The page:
Friday, April 24, 2015

Lowcountry Boneyard by Susan M. Boyer

  Publisher: Henry PressGenre: Mystery
Author: Susan M. Boyer

 ISBN-13: 978-1941962473

3rd in Series

 Where is Kent Heyward? 

The twenty-three-year-old heiress from one of Charleston’s oldest families vanished a month ago. When her father hires private investigator Liz Talbot, Liz suspects the most difficult part of her job will be convincing the patriarch his daughter tired of his overbearing nature and left town. That’s what the Charleston Police Department believes.
But behind the garden walls South of Broad, family secrets pop up like weeds in the azaleas. The neighbors recollect violent arguments between Kent and her parents. Eccentric twin uncles and a gaggle of cousins covet the family fortune. And the lingering spirit of a Civil-War-era debutante may know something if Colleen, Liz’s dead best friend, can get her to talk.
Liz juggles her case, the partner she’s in love with, and the family she adores. But the closer she gets to what has become of Kent, the closer Liz dances to her own grave.

You know how when you read a period or historical novel and you smile when the characters do something specific to those times, like ring up the operator to make a phone call or dip the quill pen into an ink well before composing an urgent missive? These small details unobtrusively set the time and location. 
(I had to smile again just now when autocorrect assumed I wanted "cartridge" after ink.)
In Susan Boyer's mystery we are in present day, yet all the tasks performed electronically amaze me; a mixture of awe and a little envy. It is also scary how fast and easily one's personal information is available.

The case Liz is called in on, a month after local P.D. fail to make progress on it, is more than a career challenge. It opens Liz's thoughts to how swiftly life can change, how easily those you care about can be lost. 
As part of the story, Liz's dead best friend, now spirit guide, Colleen, pops in as she pleases.
With her mind reading ability and ability to see some future events, specifically as to how Liz will be involved, she is a valuable asset to the P.I. biz. However, Colleen seems to have her own agenda.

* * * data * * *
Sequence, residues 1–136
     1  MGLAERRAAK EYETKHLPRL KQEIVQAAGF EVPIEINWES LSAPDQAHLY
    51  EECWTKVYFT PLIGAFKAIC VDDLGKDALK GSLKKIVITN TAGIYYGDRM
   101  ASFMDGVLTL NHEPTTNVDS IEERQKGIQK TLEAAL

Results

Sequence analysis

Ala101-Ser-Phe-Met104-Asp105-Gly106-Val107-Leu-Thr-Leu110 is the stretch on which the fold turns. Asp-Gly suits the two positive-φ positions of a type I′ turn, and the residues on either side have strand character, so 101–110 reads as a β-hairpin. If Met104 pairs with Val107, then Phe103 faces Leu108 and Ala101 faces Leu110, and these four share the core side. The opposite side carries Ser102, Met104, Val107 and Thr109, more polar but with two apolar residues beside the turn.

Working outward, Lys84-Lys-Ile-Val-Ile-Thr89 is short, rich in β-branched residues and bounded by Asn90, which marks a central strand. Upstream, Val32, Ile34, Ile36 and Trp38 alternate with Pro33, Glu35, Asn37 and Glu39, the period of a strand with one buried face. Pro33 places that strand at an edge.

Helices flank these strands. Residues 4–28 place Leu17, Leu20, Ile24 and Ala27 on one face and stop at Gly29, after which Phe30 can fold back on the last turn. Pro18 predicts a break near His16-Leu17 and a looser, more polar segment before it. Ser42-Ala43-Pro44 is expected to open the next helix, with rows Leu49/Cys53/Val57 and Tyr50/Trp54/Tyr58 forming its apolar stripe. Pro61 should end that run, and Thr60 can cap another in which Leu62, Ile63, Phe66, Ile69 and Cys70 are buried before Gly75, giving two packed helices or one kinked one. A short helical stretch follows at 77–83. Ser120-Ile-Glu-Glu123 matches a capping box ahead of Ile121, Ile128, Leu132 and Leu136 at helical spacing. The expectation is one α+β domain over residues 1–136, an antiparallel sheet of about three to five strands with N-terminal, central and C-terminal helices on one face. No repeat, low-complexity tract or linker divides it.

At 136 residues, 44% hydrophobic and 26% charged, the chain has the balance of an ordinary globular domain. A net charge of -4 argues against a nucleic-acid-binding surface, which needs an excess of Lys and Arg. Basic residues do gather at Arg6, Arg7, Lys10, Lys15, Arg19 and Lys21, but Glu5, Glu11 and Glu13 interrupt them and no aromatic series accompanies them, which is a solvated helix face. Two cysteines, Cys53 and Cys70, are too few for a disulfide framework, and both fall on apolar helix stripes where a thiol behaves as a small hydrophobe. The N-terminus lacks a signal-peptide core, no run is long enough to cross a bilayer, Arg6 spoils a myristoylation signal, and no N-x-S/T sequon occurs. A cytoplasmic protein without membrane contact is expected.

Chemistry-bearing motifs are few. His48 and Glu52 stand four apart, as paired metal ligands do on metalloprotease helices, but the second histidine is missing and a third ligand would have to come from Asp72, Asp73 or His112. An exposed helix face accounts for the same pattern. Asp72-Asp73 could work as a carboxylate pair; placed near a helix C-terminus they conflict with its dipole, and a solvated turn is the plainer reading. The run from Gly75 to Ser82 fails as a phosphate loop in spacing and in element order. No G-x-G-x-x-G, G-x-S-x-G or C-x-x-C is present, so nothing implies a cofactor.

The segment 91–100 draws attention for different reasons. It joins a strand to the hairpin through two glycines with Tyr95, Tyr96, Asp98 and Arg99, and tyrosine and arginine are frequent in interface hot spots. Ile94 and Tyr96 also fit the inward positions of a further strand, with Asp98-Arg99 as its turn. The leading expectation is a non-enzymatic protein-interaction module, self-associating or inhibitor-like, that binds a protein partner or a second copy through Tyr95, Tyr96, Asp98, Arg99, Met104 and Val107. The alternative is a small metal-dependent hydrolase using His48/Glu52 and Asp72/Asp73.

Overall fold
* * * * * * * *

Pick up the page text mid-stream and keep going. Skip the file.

This is a tale of two cities: Greenville and Stella Maris.
It is also a story about money and family relationships.

Liz has a partner, in several senses. Nate says that he studied up on "things I'm interested in and things I'm afraid of. Women are both."
Although Nate does have a lot of emotional stress as Liz continues to put herself in danger, I thought it was out of character for him to follow her home to protect her, then get so drunk he wouldn't have been able to if that need arose. We repeatedly see people doing stupid things, which makes them more relatable as actual humans.

Two things I especially liked about the way the ending was written.
The two P.I.s discussed how it all came together, explaining clues anyone may have missed. And even further it was explained again at family dinner.
I appreciated one exciting scene near the conclusion where all of the sentences were sort, giving a choppy,zagging type feel which matched what was happening.

I did receive this book in exchange for my honest review.
I may have appreciated a little more background on Colleen, since I read this as a stand alone. I am looking forward to the next books in this series and will read the previous books while I wait.

Author Links:

Susan M. Boyer is the author of the USA TODAY bestselling Liz Talbot mystery series. Her debut novel, Lowcountry Boil, won the 2012 Agatha Award for Best First Novel, the Daphne du Maurier Award for Excellence in Mystery/Suspense, and garnered several other award nominations. Susan loves beaches, Southern food, and small towns where everyone knows everyone, and everyone has crazy relatives.  You’ll find all of the above in her novels.
Susan lives in Greenville, SC, with her husband and an inordinate number of houseplants.


  1. Great review for a great book! Thanks for sharing.

  2. Laura, thank you so much for this lovely review! I'm so happy you enjoyed the read! That line of Nate's you quoted is one of my personal favorites. :)


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